By now you probably know that your business plan should be a living document. There are many good reasons for that. Things change over time and the details need to be updated—demographics, competition, customer demand. Plus, decisions have a domino effect. And then sometimes things just don’t work out as planned. Enter Plan B. Despite being in love with an idea, try not to dig your heels in on something that just isn’t working to your advantage. It’s a waste of time and energy. Take the emotion out of it and make a smart “business decision.”
Having a Plan B increases your negotiating power as well. If you are dead set on a location, for example, it can be difficult to get what you want at a price that works for your business. Once that landlord smells your desperation, he or she is now in a more powerful position in the negotiation. Make sure you have a BATNA (Best Alternative To a Negotiated Agreement) when you go in to the meeting. You cannot make a wise decision in a negotiation unless you have clear alternatives. With a strong BATNA, you won’t need to concede as much because you’ll know you have other options, plus you can push harder for a better deal. When I was negotiating for a lease renewal in Brewerytown, I realized that unless I really got what I wanted, I didn’t want to renew the lease at all, which is what ended up happening. Not renewing was actually the best outcome for my business; I was able to focus on my first location, which was about five times more profitable, and needed the attention.
Plan B can also play a role in refining your concept. You may experience unforeseen challenges upon implementation. Perhaps it ends up being too labor intensive, too expensive to produce, or you’re just not meeting customer expectations. If you can’t make a decent profit and/or make customers happy, change it before it’s too late. Not only will you waste time and money, it could have an adverse effect on your reputation, which is a hard thing to turn around. Making a concept change can be easier said than done. The initial concept for Mugshots was a coffeehouse AND juice bar. This was on top of a fairly involved food menu, and it proved to be difficult to implement. As avid juicers, we were both in love with the fresh juice concept. Put into practice, it was labor intensive with a lot of clean up, equipment maintenance, and storage requirements. With one employee spending 5-7 minutes on one drink, they were pulled away from the counter, unable serve customers in line, who were visibly frustrated.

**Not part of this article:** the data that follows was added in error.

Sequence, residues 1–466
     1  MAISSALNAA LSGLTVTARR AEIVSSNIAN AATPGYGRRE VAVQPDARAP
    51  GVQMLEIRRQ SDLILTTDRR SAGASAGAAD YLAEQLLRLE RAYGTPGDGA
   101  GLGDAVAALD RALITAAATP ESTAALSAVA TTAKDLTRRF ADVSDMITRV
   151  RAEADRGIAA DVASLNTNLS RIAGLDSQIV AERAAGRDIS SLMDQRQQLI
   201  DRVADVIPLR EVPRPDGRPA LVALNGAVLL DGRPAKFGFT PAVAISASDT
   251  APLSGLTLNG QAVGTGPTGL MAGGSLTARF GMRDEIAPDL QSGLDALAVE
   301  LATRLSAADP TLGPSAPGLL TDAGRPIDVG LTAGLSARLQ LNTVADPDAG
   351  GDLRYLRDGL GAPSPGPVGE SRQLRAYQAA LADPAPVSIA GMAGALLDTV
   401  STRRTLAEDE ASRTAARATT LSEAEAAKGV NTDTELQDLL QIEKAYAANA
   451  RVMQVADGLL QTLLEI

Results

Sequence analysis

Our level of customer service suffered, the hassle factor was high, and the profitability wasn’t anything to write home about. Yet we were too afraid to make a change, fearing that decision would disenfranchise our juice customers. Plus, “juicebar” was on our sign and in our logo! When we finally took the juice off the menu, we realized we should have done it MUCH sooner. It was a no-brainer, but we let emotional baggage get in the way. Sure, there were some disappointed customers, but we kept smoothies on the menu and they got over it. The staff was thrilled, and our bottom line got the boost it needed.
How about a Plan B for staffing? Management? Financing? Or operational fail-safes? I always found it helpful to have a healthy number of part time people on hand so that when someone quits or doesn’t show up, there are people trained with some flexibility in their schedules. Along the same lines, make sure your manager has a right hand; that person can step up if necessary. When you’re shopping for financing, you’ll want to put your loan package out to a number of financial institutions or investors at the same time. Again, you’ll be in a better position to negotiate, but then you’ll also have a Plan B if something doesn’t work out at the last minute.
I find operational fail-safes the most fascinating. Get ready to test your resourcefulness! Any number of things can malfunction, and will—your refrigeration, oven, water heater, the toilet. Do you have other refrigerators or coolers so you don’t lose your product (or worse, make someone sick)? Is there another method for cooking your signature dish? How can you set up a makeshift hand washing station with hot water? If the health department happens to inspect when your water heater is on the fritz, or your only bathroom is out of order, guess what? They’ll tell you to shut down until it’s fixed (and then you have to wait until they come back out to inspect it). That could be a good 24-48 hours, leaving your customers to wonder, and your cash register idle. Remember, those fixed costs are, well, fixed.
I recently had a meeting with a local catering company in a growth phase. They shared a horror story about showing up to a wedding only to find the oven didn’t work. They very cleverly made an oven out of tinfoil and some tealights to cook the main course, and they pulled it off! CAN YOU IMAGINE?! Well, you should start imagining all the worst case scenarios now, because they’re likely to happen at one point or another during the lifespan of your business. Take a deep breath and relax—with the right preparation and coaching, you’ll be a success!